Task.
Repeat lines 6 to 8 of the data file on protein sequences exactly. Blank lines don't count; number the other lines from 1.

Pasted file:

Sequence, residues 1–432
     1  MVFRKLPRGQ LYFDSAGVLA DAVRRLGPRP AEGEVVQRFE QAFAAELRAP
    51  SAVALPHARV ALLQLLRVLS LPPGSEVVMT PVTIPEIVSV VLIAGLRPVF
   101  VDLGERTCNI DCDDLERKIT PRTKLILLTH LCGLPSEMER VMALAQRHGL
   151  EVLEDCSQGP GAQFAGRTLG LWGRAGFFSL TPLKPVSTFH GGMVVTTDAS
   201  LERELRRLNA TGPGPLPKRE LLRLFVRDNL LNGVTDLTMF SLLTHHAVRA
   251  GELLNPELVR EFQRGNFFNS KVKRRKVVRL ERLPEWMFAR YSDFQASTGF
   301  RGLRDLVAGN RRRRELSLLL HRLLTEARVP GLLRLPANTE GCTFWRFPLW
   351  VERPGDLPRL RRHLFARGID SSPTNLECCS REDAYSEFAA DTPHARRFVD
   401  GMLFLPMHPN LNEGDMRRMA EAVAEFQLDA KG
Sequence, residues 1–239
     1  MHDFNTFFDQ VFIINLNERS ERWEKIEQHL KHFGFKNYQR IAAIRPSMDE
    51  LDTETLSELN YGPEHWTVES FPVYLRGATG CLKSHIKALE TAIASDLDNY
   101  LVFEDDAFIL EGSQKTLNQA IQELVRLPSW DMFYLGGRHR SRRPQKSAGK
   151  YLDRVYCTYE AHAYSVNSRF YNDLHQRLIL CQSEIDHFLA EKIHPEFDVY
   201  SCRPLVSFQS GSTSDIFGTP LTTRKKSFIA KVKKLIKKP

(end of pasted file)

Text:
   201  LERELRRLNA TGPGPLPKRE LLRLFVRDNL LNGVTDLTMF SLLTHHAVRA
   251  GELLNPELVR EFQRGNFFNS KVKRRKVVRL ERLPEWMFAR YSDFQASTGF
   301  RGLRDLVAGN RRRRELSLLL HRLLTEARVP GLLRLPANTE GCTFWRFPLW